Do you think it’s important for children to see new interpretations of these fairy tales?
As a parent reading fairytales to my children, I see them as yet another way to help explain some of the more challenging elements of life in a positive way. There are many, many different versions of each story and it is worthwhile choosing your version carefully before starting to read out loud! Many of the stories contain examples of great fortitude and resilience, as well as great adventure and courage in trying to change your life. Good inspiration for us all!
Many of the stories look very different to us now, such as Sleeping Beauty being kissed awake by a Prince when she is sleeping. Some of us want a different awakening for her, and have enjoyed the film of Maleficent for this and there are many other great endings out there. I loved the latest film version of Beauty and the Beast and agreed with Belle that she rather missed the look of the Beast when the Prince was uncovered at the end! I think that the new interpretations are a vital and continuing way that these tales have been retold through generations.
How do you feel about the way female characters are presented in fairy tales? Is this something you have addressed in your productions?
It has never interested me to show a woman abused, degraded, humiliated or exploited. If a classic fairy tale is leaning in that direction we will update and reform the role. Over our 25-year history, our dancers have performed female roles with great attention to the power, the vulnerability, the beauty and the passion of women. Equally, I would say we do the same with male dancers and the roles of men in our work. In all of balletLORENT’s work we have been very driven to present female and male roles in a powerful and enhancing fashion, while the drama comes in the truth of trying to hold on being the kind of human we want to be, and sometimes failing. I am interested in compassion and acceptance for difference. We make the work with the resolutions we would like to think were possible in real life.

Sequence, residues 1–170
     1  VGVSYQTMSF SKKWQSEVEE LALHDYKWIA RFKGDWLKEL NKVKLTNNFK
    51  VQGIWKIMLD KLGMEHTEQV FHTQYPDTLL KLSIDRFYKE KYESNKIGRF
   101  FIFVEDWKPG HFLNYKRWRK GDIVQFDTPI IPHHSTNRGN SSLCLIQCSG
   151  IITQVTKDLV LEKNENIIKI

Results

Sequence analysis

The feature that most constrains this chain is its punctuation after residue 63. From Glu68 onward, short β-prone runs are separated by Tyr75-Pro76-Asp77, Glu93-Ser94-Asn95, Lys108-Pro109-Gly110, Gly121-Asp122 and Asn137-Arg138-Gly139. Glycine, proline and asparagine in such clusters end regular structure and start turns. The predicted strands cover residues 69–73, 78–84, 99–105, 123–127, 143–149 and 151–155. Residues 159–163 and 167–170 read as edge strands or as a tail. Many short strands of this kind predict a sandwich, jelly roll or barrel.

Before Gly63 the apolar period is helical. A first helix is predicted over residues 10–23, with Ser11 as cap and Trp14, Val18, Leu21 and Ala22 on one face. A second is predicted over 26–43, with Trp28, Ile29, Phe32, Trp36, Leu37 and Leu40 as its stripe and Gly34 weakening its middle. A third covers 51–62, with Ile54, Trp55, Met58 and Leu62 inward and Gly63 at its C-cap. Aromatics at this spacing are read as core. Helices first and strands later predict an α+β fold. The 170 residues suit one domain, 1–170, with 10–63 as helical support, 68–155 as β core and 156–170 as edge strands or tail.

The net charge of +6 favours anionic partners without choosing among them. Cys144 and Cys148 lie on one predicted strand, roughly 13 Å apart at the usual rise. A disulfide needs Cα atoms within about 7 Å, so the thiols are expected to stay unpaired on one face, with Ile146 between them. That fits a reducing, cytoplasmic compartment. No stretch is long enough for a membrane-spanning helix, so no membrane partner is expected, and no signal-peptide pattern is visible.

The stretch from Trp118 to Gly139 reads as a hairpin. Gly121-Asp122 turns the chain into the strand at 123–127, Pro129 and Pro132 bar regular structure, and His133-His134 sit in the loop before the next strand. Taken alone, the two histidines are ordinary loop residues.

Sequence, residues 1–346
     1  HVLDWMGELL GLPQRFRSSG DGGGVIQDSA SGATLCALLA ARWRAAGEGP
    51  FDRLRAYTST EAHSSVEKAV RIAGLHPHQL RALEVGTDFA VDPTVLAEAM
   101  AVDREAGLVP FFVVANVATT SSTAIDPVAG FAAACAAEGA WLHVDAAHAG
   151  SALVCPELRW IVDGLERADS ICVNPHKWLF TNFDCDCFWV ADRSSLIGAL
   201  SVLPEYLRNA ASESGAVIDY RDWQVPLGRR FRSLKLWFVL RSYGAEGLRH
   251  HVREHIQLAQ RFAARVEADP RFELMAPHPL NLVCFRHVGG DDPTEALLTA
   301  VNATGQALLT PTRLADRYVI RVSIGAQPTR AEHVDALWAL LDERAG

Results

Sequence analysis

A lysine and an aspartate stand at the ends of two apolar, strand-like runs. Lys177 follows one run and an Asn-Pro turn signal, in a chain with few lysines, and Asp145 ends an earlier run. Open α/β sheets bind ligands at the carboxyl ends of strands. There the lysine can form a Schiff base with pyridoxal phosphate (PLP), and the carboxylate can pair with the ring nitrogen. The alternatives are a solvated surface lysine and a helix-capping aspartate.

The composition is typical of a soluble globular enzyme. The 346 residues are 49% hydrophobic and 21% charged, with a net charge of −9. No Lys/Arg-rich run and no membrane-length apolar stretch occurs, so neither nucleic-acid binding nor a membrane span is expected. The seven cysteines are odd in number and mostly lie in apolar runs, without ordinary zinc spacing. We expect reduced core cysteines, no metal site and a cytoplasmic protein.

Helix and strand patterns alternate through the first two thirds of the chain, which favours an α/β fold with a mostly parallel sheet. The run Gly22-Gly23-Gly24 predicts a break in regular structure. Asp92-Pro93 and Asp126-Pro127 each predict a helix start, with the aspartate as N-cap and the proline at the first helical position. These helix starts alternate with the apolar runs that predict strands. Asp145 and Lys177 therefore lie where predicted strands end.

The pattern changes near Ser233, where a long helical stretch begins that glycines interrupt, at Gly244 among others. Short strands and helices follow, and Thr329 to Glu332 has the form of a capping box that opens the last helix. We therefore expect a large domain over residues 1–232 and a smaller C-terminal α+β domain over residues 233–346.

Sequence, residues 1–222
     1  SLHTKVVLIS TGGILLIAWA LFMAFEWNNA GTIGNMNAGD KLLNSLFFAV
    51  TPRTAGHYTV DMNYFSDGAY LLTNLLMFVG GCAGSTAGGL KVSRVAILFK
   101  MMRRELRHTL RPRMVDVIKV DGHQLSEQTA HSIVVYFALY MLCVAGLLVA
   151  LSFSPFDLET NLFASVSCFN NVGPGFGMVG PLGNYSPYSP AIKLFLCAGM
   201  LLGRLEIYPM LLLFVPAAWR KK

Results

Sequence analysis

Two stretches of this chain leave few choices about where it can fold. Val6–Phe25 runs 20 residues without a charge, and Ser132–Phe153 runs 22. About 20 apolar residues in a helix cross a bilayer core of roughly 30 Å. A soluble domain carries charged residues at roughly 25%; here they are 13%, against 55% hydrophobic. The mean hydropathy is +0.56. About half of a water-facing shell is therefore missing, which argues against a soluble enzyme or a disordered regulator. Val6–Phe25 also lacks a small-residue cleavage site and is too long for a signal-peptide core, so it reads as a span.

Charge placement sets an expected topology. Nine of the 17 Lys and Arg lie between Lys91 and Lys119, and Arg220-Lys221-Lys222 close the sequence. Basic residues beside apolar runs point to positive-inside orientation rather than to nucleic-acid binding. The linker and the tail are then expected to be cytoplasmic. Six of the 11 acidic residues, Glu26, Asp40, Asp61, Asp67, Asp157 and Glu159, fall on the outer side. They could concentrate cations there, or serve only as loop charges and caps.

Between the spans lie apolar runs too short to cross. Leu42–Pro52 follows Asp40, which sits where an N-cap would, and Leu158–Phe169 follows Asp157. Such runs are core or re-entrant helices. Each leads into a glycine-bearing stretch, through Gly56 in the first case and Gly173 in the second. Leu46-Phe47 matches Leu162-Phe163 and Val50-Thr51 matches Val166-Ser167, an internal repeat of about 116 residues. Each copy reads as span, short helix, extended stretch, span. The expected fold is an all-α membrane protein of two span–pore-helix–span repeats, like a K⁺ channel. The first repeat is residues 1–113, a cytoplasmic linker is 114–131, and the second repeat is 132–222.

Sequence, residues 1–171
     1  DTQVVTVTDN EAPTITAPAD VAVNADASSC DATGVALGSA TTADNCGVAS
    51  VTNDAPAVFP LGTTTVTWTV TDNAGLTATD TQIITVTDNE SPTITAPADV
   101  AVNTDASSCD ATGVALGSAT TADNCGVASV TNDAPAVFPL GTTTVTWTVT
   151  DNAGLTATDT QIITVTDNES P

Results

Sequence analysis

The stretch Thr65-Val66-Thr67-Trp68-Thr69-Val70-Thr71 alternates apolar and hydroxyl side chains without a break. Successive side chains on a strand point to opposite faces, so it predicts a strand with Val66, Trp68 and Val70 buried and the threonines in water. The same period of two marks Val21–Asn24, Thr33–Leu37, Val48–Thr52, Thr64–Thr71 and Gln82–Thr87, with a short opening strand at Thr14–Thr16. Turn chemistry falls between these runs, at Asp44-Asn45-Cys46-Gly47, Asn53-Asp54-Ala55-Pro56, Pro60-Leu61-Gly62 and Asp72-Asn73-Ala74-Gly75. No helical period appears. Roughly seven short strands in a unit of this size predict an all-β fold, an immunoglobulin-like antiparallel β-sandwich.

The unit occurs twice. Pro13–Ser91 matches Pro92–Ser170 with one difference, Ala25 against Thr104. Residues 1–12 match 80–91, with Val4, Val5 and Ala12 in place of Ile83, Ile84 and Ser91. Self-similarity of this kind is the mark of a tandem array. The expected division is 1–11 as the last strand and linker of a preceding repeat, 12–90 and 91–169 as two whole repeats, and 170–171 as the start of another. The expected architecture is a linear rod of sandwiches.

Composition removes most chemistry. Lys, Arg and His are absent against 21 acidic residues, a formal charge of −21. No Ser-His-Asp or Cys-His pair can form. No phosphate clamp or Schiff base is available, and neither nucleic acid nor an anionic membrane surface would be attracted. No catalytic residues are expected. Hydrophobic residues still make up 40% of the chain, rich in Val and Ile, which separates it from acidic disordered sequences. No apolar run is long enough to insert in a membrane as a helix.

Who are your female icons in the world of dance who have influenced or inspired your work?
They are so many. Every time I make a work with dancers who are collaborating with me they become goddesses and heroines in the making to me! And when I was a lot younger I was fully inspired by the rule-breaking women in dance such as Isadora Duncan and Martha Graham.
As a leading female director and choreographer in the UK, what does International Women’s Day mean to you?
It’s always good to bring the consciousness back to women I do think that we are all just “getting on with it” – whatever that may be – work, family and survival. It takes days like International Women’s Day to reflect sometimes on how far we have come, and yet how far there is to go. I think many of us are living in a day-to-day of unconscious bias, and yet the changes to this are moving rapidly.
Speaking of my own experience I wish that I had put up with a lot less and demanded differently, but I am from a generation brought up in the 70s and 80s. As a mother, I look forward to a better world for my daughter, and seek to arm her with much more self-confidence than I had.
I’m only now starting to feel that as a professional I have done ok; if the journey I took is in any way motivation for other women to make their own creative choices happen I can only welcome that.
Many of your productions feature a diverse cast of community and professional dancers as well as presenting intergenerational work that has featured children, older people and pregnant women. Is this something we can expect to see in Rumpelstiltskin?
As an independent dance company, we are privileged to put together a cast of people that best fits the stories we are trying to tell. Several professional dancers have been working together in balletLORENT for around 20 years now, and our shared skill-base and building of repertoire brings a great level of confidence to then be very daring and adventurous.